Midway through the first scene of “Eurydice,” projected images of a couple dancing to the tune of a gentle waltz float across the stage.
The use of projected images is used to enhance the dramatic effect of the scene — and it is a technique the show’s director Devin Brain DRA ’11 may not have had access to a year ago. Lieber is one of two first year students at the School of Drama currently piloting a new concentration in Projection Design. The program, led by the school’s accomplished designer and lecturer Wendall Harrington, is the first in the country dedicated to training students for a career in this field.
School of Drama Dean James Bundy DRA ’95 said the former lack of formal training in projection design in the country is one factor that led the school to create the concentration, which was first announced in October 2009.
“The field really required a high level training program in projection design that we were well positioned to initiate,” Bundy said. “[Harrington] has been one of America’s leading projection designers for theater for decades, and she continues a great tradition at the School of Drama of leading practitioners who are also phenomenal teachers.”
Lieber and fellow projection design student Hannah Wasileski DRA ’13 were selected last spring from a group of 11 applicants to participate in the first year of the concentration. They are currently enrolled in the same core classes required for all first year lighting, costume and set design students, a list which includes Harrington’s Introduction to Projection Design. The projection design curriculum will continue to grow from year to year as the students progress through the school’s program of study.
But beyond class work, in their first semester at the school, both Lieber and Wasileski have been given the opportunity to design for directors’ thesis shows, a privilege usually reserved for advanced students. Lieber’s work can be seen in Jean Anouilh’s “Eurydice,” which opened at the Iseman Theater Tuesday night, while Wasileski’s will be a part of a production of “A Streetcar Named Desire” coming to the theater in December.
Lieber said the two projects highlight the diverse ways in which projections can enhance a production.
“The role of projections in [Eurydice] is really just adding that magical, mythical element back in,” Lieber said. He designed his projections to depict flashbacks and to help recreate the emotions associated with the past moments.
“They’re absolutely beautiful movies,” Harrington said of the projections that Lieber designed for “Eurydice.”
Wasileski’s projection designs for “Streetcar” are bolder and more aggressive than Lieber’s for “Eurydice,” Lieber noted. Her design incorporates live video feeds from beyond the main stage — behind-the-scenes shots and views into the characters’ offstage lives — that will be projected on to the back wall and floor of the set. There will also be television running throughout the show, playing commercial images that will mirror the psychology of the characters onstage.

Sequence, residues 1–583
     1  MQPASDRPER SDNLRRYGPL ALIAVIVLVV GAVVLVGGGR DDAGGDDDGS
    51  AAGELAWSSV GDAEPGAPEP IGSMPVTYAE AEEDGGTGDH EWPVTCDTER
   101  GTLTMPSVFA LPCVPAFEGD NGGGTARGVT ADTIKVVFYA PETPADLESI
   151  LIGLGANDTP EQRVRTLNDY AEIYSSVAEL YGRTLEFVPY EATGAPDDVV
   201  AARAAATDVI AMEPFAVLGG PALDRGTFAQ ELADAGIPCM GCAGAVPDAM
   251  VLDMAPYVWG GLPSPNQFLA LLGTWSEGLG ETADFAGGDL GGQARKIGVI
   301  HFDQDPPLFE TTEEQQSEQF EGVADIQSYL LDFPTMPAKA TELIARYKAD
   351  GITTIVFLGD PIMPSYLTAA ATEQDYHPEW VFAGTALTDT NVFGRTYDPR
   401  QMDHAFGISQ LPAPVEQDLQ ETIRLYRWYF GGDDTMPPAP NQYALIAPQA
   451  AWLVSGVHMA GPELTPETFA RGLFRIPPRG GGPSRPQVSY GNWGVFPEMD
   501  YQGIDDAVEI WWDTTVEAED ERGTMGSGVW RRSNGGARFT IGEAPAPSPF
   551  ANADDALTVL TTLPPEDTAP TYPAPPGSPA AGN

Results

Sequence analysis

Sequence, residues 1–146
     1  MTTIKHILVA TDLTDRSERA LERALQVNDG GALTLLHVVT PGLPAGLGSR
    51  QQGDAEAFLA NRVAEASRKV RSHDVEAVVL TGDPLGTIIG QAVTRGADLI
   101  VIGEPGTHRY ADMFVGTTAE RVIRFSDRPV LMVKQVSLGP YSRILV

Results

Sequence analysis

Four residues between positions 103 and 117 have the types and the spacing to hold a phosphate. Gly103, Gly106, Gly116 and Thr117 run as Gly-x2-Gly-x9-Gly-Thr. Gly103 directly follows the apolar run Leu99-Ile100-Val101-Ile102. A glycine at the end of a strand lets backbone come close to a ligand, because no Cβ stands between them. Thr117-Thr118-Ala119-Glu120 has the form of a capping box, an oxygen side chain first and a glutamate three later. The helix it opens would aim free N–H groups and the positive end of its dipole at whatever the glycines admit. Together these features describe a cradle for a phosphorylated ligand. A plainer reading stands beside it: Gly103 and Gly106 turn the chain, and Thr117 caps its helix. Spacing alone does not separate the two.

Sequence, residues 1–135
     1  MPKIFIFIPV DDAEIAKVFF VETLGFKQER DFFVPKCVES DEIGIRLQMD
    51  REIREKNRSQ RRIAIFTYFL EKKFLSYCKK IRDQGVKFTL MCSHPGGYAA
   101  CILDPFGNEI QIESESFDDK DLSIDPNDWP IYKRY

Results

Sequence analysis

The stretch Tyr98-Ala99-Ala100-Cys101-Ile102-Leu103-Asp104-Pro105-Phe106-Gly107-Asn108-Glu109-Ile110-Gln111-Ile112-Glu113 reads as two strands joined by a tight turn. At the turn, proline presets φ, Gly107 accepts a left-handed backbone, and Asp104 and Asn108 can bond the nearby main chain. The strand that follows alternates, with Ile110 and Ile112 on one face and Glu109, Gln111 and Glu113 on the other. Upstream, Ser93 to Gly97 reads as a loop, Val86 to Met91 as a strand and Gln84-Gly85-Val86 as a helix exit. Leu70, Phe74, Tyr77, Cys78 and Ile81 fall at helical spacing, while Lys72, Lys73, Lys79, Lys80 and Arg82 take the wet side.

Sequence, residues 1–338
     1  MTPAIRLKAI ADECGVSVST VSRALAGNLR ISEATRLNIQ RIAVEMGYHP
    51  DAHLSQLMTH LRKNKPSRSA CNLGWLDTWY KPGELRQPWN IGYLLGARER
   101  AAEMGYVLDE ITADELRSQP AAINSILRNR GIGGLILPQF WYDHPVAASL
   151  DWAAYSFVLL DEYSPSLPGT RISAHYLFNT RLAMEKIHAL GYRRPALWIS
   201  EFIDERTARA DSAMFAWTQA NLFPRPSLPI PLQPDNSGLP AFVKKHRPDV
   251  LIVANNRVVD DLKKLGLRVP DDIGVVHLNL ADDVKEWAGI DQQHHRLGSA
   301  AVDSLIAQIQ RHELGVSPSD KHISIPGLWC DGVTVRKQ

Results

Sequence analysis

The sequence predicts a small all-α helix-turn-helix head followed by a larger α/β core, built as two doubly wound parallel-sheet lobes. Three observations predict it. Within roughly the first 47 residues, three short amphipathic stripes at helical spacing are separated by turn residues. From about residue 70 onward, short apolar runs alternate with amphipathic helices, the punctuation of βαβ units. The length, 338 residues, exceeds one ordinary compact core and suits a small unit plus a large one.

The two students, who have assisted one another on their respective projects, said they have had to rely heavily on each other and Harrington as resources because few books have been written on projection design. Despite the fact that these techniques have been used successfully in American theater since the 1960s, Harrington is one of few professionals offering training in projection design.
“I’ve been teaching almost since I started,” said Harrington who began doing projection design since 1978. “I’d show up anywhere if anybody asked me to talk about this because there was nobody else available to do it.”
Three time Tony award-winning scenic and costume designer Santo Loquasto DRA ’69 said he applauds the creation of such a training program at the School of Drama because it will give students the technical background that designers today need.
“You need more than just an eye to enter into this business today,” Loquasto said.
He added, however, that he is nervous about the increasing reliance on projection in all fields of the performing arts. He fears that adding too many technical elements into a piece can cause it to loose its “vitality.”
Nonetheless, Loquasto said he commends Harrington’s ability to incorporate projections into a show without taking away from the actors or the text.
“She’s been a real pioneer in developing projections as a real enhancement to a production,” he said.
Harrington, whose Broadway credits include “The Who’s Tommy,” “Grey Gardens” and “Ragtime,” has been lecturing at the School of Drama since 2006.